In the context of the changes in power relations on the Asian continent, the movements of another power, India, merit particular attention to anticipate future scenarios. Often under-exposed by the media, New Delhi is showing itself to be playing an active role in the area, backed by its 1.3 billion inhabitants.
Like China, India desperately needs to develop a vast infrastructure network capable of connecting it to central-northern Europe, via Iran, central Asia and Russia. This it must also do while avoiding Pakistan, its historical rival, whose geographical position constitutes a serious obstacle to the land of the Ganges.
This problematic situation is aggravated by Sino-Pakistani cooperation that has led to the creation of the new port of Gwadar, in south West Pakistan at about 700 kilometres from the coastal city of Karachi and situated in a zone that is strategic to access to the Gulf of Oman and the Persian Gulf. This port allows Peking the benefit of a formidable bank facing the Arabian Peninsula and Iran, bringing China and Pakistan to create an infrastructure corridor connecting Gwadar with the Chinese province of Xinjiang.
To counter these Chinese moves, New Delhi has increased cooperation with Teheran, deciding to invest in the Iranian port of Chabahar, in the region of Balukistan, located less than 100 km from its rival structure of Gwadar. The accord between the two countries was signed in June 2015 during the visit to Iran of the Indian Prime Minister Narendra Modi, who signed off investments in the port of Chabahar amounting to about 500 million dollars, the first time India invested financially in a foreign port.
India also committed itself to providing the equivalent of 400 million dollars in steel for the construction of a railway line from Chabahar to the city of Zahedan, a short distance from the border with Afghanistan, a country in whose process of stabilisation India is playing a determining role (from 2001 to today it has invested two billion dollars).
In August 2016 a trilateral summit was held between Azerbaijan, Iran and Russia, in the Azerbaijan capital for the purpose of realizing the ambitious project of a ‘North-South Corridor’ (already on the table since April of the same year), capable of connecting India to northern Europe, passing through the crucial median states, most important of which were obviously those present at the Baku meeting.
The new infrastructure network, formed of port, railways and motorways, will cover a distance of around 7,200 km, helping to reduce drastically the time required to move goods between the various Eurasian states (and, in the future, those of Africa). According to the intentions of the planners, this project will reduce by 14 days the time required for the transit of goods between India and Russia, also halving the time at present required for Indian ships to reach Europe via the Suez Canal, even though the Canal was only recently widened in August 2015.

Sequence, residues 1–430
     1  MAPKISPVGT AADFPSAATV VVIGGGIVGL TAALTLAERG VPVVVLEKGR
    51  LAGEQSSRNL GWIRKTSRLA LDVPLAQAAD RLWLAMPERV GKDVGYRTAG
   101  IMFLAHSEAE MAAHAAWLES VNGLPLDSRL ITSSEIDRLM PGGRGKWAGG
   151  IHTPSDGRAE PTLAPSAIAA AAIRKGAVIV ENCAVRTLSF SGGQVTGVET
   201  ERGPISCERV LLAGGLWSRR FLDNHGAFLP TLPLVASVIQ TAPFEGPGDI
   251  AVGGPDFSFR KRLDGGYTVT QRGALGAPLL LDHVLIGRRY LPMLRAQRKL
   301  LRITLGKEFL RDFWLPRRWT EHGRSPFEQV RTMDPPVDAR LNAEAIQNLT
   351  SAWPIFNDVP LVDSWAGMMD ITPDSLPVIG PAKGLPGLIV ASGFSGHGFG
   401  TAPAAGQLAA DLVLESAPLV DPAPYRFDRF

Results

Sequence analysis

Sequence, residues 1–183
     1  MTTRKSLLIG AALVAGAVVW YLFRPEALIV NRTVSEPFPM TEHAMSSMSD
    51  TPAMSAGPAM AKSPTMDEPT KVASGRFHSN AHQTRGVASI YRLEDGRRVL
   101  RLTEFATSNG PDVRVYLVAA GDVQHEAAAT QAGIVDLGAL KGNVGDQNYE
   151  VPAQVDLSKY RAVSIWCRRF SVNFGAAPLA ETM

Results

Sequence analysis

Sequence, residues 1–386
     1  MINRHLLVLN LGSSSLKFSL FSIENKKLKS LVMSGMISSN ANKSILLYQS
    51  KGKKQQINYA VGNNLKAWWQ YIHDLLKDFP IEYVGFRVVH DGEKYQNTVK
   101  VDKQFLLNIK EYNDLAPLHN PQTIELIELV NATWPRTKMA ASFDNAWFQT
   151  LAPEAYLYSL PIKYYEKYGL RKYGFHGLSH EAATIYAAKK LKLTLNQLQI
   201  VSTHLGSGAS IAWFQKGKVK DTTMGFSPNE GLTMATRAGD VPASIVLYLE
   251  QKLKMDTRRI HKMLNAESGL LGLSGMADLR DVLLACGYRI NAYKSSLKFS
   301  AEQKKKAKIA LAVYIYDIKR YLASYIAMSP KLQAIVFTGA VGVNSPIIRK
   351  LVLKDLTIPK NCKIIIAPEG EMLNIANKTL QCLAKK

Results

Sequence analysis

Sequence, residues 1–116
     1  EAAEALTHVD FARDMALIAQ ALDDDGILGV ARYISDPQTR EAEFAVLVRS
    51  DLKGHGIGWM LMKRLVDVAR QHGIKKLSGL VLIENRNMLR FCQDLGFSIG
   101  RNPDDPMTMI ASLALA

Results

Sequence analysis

According to this project, Indian ships would leave Mumbai, calling at the Iranian port of Bandar Abbas, in the Straits of Hormuz, the stretch of water at the entrance to the Persian Gulf, where they would then send their cargoes by land. The goods would then pass through Baku, Astrakhan, reaching Moscow and St Petersburg and then entering Europe. Besides the above-mentioned states, the work would also benefit all those bordering states where there would be a collapse of the time and cost required for moving goods in a zone that is strategic for the future of the world economy.
The consequences of this grand project will be felt in various countries, some of which will be considerably damaged. One of these is Egypt where the Suez Canal, fundamental to the passage of world maritime traffic ever since it was opened in the XIX century. Besides this Arab country, the other great excluded state is Pakistan, compelled to assist at its own outflanking by its historical rival, India. It is more difficult to analyze the effects that this work would have on different European states where it is possible to imagine that the preference shown by the project for the northern part of the continent may, together with a reduction in Suez traffic, be to the detriment of Mediterranean Europe.
Among the major beneficiaries will be the states of Central Asia which may form part of the New Silk Road, reinforcing their own strategic role as transit countries for goods and energy. Along with them, Russia will have the opportunity to develop its own economy, especially in times when the price of crude oil is dangerously low, with serious damage to the coffers of countries, Russia especially, that owe a significant part of their income to the sale of oil and natural gas.
In this context, India, with a growth rate among the highest in the world (at present above 7% pa), will play an important role in its own development. New Delhi, in fact, does not yet have an industrial sector comparable to the great exporting powers, above all China, with an unemployment rate in the agricultural sector of about 60% of the total, against 28% in services and 12% in industry. Its support for the North-South Corridor is, therefore, a sign of the desire of the Indian government to aim at the industrialisation of the country, so as to achieve, in the medium term, a significant increase in exports. This objective would increment the possibility of Indian commercial development, especially if it succeeded in concretising, within a reasonable time, an agreement on free trade between India and the European Union, something that has been talked about for years, which would allow New Delhi to integrate more fully into the rich markets of Europe. (F.R.)